Torres v DuncanPhoto by Josh Hedges/Zuffa LLC via Getty Images

A Lightweight Freight Train

Manuel Torres’ 106-second rear naked choke win over Chris Duncan was a ridiculous showcase of dynamic athleticism. It also really explained all those first-round finishes on the Mexican prospect’s record!

Immediately, Torres fired a huge right hand ... that was countered with a powerful swing from Duncan. When Duncan advanced, Torres stood his ground and kicked him in the head! The two began to wrestle, and I don’t want to imply that Torres’ takedowns were particularly technical ... but they were effective!

“El Loco” was pretty much just securing a grip on his opponent, any grip, and then throwing him through the air. Torres was absolutely sprinting, which is a risky strategy at altitude, except it worked! He found his way to the back off a big slam, and Torres just forced the choke through Duncan’s defenses.

He’ll have to develop his skills a bit to compete with the best at 155 pounds, but still, it’s hard not to be impressed with Torres here.

 Quinonez v BarcelosPhoto by Josh Hedges/Zuffa LLC via Getty Images

A Veteran Performance

Despite being unranked, Raoni Barcelos is a standout Bantamweight.

The 36-year-old Brazilian proved his talent right away upon joining the UFC roster, putting together a highly entertaining five-fight win streak. Unfortunately, the upper echelon of 135-pounds is a shark tank, and Barcelos hasn’t quite managed to ascend up the ladder. More to the point, Barcelos had lost four of his last five heading into this bout opposite Cristian Quinonez.

The stakes were high! A dislocated shoulder in the first round (quickly popped back in by his corner before the second) didn’t help his odds, nor did the simple fact that Quinonez was fighting well.

In fact, both men brought their A game into the cage. Barcelos was timing his takedowns well and utilizing tricky right hand set ups to score with power, but Quinonez threw a ton of volume and just kept advancing. In addition, “Problema” proved himself excellent at scrambling, returning to his feet almost instantly after many takedowns.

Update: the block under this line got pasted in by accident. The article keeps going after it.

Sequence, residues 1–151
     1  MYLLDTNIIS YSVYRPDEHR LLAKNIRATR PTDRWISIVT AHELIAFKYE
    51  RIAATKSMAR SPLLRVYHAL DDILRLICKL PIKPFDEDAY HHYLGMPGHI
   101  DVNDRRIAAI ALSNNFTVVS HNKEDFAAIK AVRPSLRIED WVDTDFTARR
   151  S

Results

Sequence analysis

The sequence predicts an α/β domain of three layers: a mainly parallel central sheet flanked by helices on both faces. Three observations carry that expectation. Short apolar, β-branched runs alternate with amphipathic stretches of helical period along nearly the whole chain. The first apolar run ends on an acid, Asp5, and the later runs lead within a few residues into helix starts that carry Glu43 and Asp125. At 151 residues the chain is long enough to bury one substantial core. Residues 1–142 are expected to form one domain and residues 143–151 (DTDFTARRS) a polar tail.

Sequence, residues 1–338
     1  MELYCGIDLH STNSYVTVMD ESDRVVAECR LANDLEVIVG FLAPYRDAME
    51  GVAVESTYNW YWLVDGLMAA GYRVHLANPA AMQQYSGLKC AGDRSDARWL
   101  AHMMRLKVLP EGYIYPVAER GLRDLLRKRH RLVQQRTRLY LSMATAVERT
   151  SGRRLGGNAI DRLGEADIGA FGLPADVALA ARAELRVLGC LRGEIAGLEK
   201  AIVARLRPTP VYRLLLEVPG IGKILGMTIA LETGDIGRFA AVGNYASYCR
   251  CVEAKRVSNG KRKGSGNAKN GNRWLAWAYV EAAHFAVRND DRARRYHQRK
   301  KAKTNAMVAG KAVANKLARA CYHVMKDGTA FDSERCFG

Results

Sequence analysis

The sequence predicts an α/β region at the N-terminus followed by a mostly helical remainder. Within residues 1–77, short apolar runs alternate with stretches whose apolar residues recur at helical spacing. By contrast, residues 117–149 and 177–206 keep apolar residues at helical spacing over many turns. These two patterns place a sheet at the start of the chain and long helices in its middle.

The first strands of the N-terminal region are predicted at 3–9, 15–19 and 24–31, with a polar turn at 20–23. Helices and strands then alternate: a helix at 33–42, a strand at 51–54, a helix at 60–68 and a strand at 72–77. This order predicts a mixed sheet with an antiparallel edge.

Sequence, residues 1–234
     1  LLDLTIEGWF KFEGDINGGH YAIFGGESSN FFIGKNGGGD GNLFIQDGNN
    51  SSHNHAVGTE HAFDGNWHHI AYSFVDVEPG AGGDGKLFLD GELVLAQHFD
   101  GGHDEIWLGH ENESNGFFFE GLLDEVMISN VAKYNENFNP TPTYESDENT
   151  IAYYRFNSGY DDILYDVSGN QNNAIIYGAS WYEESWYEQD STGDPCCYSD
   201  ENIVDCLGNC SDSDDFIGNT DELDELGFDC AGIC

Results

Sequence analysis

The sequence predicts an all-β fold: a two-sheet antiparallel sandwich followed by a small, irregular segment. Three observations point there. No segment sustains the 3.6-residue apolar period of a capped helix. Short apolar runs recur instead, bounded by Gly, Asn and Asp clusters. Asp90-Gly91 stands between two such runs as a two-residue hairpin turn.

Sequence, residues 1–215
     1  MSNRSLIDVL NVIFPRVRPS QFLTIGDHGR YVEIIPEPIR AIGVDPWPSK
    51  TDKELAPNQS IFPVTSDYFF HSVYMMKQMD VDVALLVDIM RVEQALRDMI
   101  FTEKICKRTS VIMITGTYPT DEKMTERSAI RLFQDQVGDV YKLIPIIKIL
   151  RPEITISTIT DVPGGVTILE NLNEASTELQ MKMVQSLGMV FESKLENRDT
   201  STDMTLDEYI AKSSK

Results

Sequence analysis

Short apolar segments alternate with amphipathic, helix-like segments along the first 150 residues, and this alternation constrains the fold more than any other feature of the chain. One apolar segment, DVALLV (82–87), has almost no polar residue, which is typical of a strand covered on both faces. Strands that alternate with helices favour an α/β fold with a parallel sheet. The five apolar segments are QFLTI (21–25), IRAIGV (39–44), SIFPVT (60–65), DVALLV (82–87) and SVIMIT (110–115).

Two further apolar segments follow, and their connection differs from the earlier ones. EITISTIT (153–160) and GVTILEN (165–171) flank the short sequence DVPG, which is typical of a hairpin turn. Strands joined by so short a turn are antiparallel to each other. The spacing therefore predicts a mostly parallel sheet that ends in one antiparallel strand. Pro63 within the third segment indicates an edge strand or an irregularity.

Barcelos’ ability to keep it technical in the third — when both were fatigued — ended up making the difference. Making the most of his experience edge, Barcelos’ counters started landing more often as his foe tried to force a brawl, and he used a trip takedown to slam Quinonez in awkward position. Once again, Quinonez tried to scramble up, but finally Barcelos was able to lock down position by jumping on the back immediately.

The choke came moments later, concluding a fun fight.

 Chairez v LacerdaPhoto by Josh Hedges/Zuffa LLC via Getty Images

Additional Thoughts

  • Edgar Chairez defeats Daniel Lacerda via first-round triangle choke: Lacerda’s historic run comes to an end. The Brazilian entered tonight’s rematch with a 0-4 (1) UFC record, as well as a reputation for falling apart after the first round. Alas, Lacerda scored an early takedown and fell right into a triangle choke well before the opening five minutes came to a close! That’s almost surely the end of his UFC career, whereas Chairez officially picks up the first UFC win of his career.
  • Luis Rodríguez defeats Denys Bondar via second-round rear naked choke (HIGHLIGHTS): Bondar may have been the altitude’s first victim of the evening. He started strong, dinging Rodriguez with some heavy shots and winning the early wrestling exchanges. He even landed a huge spinning elbow! Midway through the second, however his gas tank began to run out, and Rodriguez reversed fortunes by taking the back mount and locking in a rear naked choke.

For complete UFC Mexico City: “Moreno vs. Royval 2” results and play-by-play, click HERE!

Source: 
https://www.mmamania.com/2024/2/25/24082522/ufc-mexico-city-results-sooo-about-last-night-moreno-vs-royval-2-espn-mma